Honeycrisp Apple Farming on Independence Creek Farms in SW Washington State
In a state renowned for its apples and cherries and in an area on Independence Creek where apple and cherry trees grow wild, we have given the ultimate organic heirloom Honeycrisp Apple tree for a mother plant and propagation.
We are farming very special apples in SW Washington State on our farm. We were fortunate to have a very exceptional Honeycrisp Apple tree that seems to be about 30 to 40 years old. The exceptional part about this Honeycrisp Apple tree is the size and taste of the honey crisp apples it produces with no watering other than the natural rainfall. The apples are nothing short of absolutely huge and the juice drips out with every tasty bite despite not being irrigated. We have seen many local Honeycrisp Apples for sale in our area but we have seen none that are nearly as large as our apples.
Juicing Honeycrisp Apples: We juiced a portion of our 2017 crop of Honeycrisp apples at the community juice day and discovered the best tasting apple juice we had ever tasted. The juice yield was amazing with 3.3 gallons coming from about 45 pounds of apples. This is far more juice than average apples will produce which is typically about a gallon per 20 lbs of apples.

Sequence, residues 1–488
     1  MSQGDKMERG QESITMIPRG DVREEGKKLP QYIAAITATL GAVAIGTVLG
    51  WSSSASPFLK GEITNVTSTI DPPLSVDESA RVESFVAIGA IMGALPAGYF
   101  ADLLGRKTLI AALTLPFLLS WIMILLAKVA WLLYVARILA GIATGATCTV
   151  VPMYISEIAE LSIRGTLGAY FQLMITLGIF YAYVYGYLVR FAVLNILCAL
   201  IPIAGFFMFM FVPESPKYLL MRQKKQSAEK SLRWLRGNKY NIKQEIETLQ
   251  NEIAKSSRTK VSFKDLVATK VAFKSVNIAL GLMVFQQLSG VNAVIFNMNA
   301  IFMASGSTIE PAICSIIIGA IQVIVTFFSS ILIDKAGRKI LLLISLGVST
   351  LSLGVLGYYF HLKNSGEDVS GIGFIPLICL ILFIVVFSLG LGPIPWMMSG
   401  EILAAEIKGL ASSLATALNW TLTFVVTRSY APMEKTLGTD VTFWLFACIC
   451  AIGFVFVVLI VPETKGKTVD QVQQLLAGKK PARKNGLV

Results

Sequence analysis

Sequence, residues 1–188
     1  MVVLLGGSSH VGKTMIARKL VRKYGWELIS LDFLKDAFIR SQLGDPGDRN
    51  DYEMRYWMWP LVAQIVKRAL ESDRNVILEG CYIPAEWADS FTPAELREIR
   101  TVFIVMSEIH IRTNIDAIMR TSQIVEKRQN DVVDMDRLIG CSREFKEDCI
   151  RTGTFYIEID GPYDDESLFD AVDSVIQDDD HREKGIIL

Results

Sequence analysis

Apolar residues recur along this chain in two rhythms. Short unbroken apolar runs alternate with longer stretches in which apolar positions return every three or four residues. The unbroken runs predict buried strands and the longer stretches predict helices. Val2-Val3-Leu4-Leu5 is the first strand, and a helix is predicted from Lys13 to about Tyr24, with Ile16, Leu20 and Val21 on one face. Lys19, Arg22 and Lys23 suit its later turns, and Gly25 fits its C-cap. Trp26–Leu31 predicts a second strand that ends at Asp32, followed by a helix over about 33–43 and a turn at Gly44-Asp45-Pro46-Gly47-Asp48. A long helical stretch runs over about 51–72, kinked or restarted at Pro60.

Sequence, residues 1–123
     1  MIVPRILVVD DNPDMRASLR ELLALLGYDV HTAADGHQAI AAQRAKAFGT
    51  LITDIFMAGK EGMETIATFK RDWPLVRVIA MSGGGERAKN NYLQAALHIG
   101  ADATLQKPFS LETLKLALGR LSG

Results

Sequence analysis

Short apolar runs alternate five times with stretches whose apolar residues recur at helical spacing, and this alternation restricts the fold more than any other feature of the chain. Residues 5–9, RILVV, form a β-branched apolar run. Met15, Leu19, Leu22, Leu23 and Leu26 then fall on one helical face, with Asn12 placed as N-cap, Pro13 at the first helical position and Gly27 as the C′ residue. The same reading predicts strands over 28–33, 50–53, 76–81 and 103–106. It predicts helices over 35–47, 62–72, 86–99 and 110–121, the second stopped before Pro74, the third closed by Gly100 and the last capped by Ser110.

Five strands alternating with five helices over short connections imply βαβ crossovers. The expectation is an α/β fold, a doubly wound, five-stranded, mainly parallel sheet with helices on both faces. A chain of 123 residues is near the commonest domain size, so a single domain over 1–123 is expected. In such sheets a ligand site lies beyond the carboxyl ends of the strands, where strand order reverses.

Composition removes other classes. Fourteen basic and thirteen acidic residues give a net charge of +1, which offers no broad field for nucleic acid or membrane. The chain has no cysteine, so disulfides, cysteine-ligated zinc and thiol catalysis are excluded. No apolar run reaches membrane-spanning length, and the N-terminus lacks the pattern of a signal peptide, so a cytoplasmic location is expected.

You can see the size difference in the picture above between the normal sized local apples in the box and our super jumbo Honeycrisp apples from Independence Creek Farms genetic stock.
About Honeycrisp Apples: Wikipedia describes the Honeycrisp Apple as:
Honeycrisp (Malus pumila ‘Honeycrisp’) is an apple cultivar (cultivated variety) developed at the Minnesota Agricultural Experiment Station’s Horticultural Research Center at the University of Minnesota, Twin Cities. Designated in 1974 with the MN 1711 test designation, patented in 1988, and released in 1991, the Honeycrisp, once slated to be discarded, has rapidly become a prized commercial commodity, as its sweetness, firmness, and tartness make it an ideal apple for eating raw. It has much larger cells than most apples, which rupture when bitten to fill the mouth with juice. The Honeycrisp also retains its pigment well and boasts a relatively long shelf life when stored in cool, dry conditions. The name Honeycrisp was trademarked by the University of Minnesota, but university officials were unsure of its protection status in 2007.
Credits wikipedia. You can see the full article on wikipedia at this link: https://en.wikipedia.org/wiki/Honeycrisp
The patent for the Honeycrisp apple expired in 2008 making is a fantastic apple tree to propagate royalty free in the US.